Magazine article American Banker

Dunkin' Donuts Returns Starbucks' Mobile-Wallet Volley

Magazine article American Banker

Dunkin' Donuts Returns Starbucks' Mobile-Wallet Volley

Article excerpt

Byline: Jeffrey Green

Dunkin' Donuts likes to brag that its coffee beats Starbucks in a national taste test. Now it aims to beat its rival in mobile payments as well.

Dunkin' Donuts yesterday launched its own mobile-payment application, hot on the heels of news that rival Starbucks Corp. is working with Square Inc. to improve the coffee chain's already successful mobile payment app.

Dunkin' Donuts, a unit of Dunkin' Brands Inc., argues that its app already has a bit more flavor.

"With our new option for mobile payment, we're creating an entirely new level of speed and convenience that will further distinguish our brand to current and new customers," Scott Hudler, Dunkin' Brands vice president of global consumer engagement, said in an email.

Unlike Starbucks, Dunkin' allows customers to buy virtual gift cards for one another within the application (Starbucks' app allows users to buy digital cards for themselves, but they cannot gift those accounts). Dunkin' can deliver its virtual cards via text, email or Facebook Connect in denominations between $2 and $100.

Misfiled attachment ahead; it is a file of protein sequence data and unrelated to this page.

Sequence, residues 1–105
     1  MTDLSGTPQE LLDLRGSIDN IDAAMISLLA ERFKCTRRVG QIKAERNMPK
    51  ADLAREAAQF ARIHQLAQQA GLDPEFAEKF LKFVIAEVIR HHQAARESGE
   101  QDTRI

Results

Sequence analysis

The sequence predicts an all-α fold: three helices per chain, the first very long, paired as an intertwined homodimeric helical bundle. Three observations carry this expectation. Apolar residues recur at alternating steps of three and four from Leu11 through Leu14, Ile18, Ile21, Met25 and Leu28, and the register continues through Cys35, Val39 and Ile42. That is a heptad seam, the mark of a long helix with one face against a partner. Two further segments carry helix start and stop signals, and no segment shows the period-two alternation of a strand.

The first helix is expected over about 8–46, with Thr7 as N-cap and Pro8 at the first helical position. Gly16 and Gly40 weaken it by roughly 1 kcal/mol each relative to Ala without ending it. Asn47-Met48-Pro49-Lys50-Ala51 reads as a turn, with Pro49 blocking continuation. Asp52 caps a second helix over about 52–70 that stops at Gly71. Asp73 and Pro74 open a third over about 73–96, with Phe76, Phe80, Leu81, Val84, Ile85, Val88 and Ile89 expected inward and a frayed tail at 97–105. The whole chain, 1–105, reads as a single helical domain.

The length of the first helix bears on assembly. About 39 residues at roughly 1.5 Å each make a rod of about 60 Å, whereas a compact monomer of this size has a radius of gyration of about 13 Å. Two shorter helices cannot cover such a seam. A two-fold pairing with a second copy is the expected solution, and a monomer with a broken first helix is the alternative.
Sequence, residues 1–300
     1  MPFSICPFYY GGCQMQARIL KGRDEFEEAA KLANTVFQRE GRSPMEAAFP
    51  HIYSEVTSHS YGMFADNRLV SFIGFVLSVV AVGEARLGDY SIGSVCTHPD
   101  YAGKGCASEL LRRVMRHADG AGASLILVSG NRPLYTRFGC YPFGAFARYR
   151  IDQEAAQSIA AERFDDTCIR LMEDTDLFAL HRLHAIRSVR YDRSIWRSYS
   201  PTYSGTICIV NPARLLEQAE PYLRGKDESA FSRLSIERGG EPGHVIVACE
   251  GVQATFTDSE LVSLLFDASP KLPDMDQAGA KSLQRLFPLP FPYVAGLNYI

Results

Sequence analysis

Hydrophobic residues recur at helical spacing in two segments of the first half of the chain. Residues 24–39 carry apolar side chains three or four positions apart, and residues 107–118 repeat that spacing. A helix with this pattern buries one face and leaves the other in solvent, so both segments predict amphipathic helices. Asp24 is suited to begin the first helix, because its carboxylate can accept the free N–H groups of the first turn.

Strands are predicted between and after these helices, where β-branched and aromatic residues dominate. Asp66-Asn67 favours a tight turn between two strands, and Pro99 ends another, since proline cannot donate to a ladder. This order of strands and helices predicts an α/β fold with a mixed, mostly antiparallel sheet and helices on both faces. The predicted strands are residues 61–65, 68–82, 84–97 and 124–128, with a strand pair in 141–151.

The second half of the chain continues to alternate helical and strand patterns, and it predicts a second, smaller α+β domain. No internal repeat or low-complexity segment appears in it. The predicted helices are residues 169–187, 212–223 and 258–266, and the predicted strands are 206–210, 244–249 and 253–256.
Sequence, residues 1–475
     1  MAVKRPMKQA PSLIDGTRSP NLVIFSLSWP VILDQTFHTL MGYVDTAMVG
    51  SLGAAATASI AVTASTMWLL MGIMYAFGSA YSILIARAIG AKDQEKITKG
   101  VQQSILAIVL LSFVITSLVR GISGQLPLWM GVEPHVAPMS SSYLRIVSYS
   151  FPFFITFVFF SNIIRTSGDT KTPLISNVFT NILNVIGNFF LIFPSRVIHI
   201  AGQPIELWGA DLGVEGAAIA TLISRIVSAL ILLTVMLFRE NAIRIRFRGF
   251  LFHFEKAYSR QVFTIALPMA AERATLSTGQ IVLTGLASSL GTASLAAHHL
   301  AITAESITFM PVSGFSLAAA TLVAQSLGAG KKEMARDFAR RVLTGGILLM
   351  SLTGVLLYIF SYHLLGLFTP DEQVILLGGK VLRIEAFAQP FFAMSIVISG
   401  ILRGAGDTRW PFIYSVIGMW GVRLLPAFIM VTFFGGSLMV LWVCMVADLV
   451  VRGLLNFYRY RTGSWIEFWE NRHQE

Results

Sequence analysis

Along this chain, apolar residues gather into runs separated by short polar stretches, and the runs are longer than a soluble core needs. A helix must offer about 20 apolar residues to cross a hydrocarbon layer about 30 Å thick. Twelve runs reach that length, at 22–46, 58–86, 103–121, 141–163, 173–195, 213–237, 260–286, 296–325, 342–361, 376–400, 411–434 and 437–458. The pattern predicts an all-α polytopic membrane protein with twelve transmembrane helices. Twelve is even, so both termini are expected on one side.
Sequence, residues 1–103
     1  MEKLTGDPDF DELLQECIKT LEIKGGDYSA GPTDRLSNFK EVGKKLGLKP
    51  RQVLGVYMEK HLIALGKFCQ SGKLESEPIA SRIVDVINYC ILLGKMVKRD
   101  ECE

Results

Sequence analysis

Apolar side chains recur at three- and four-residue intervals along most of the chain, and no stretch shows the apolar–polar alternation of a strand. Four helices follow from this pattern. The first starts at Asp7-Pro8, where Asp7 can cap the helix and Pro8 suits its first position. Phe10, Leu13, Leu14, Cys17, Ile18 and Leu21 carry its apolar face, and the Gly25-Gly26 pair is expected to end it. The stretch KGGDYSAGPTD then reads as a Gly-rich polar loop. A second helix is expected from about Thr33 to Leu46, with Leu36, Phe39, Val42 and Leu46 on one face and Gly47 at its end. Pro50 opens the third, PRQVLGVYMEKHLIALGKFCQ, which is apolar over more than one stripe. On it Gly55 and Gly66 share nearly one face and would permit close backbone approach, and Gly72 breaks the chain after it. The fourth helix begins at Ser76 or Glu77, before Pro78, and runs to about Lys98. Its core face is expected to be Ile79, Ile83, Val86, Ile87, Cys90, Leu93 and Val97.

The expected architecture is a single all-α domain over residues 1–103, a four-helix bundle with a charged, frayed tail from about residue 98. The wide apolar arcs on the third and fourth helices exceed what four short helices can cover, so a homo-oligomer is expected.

CorFire, a U.S. subsidiary of SK C&C of South Korea, is providing the technology to support the mobile initiative.

"What we do is make the [gift card giving] mobile to mobile," Jon Squire, CorFire's chief marketing officer, said in an interview. "[The value] automatically loads into the mobile wallet."

Yesterday's launch is just the beginning of multiple mobile-based initiatives Dunkin Donuts has planned over the next four years. Dunkin's next step is to integrate its loyalty program, Hudler says.

"They're definitely looking at all the efficiencies mobile brings, but where they land is up to Dunkin' to reveal," Squire says.

Starbucks made a name for itself in mobile payments even before it revealed its pact with Square. The company completed a nationwide rollout of its closed-loop mobile payment system while many banks and payments companies were still limited to regional tests.

Starbucks also veered from the script that many in the payments industry followed. It embraced bar codes when many companies were designing systems around Near Field Communication chips. And when its rivals developed solely for Apple Inc. iPhones and Google Inc. Android smartphones, Starbucks gave early attention to Research in Motion Ltd.'s BlackBerry handsets, which it realized were popular among the office workers that frequent its stores. …

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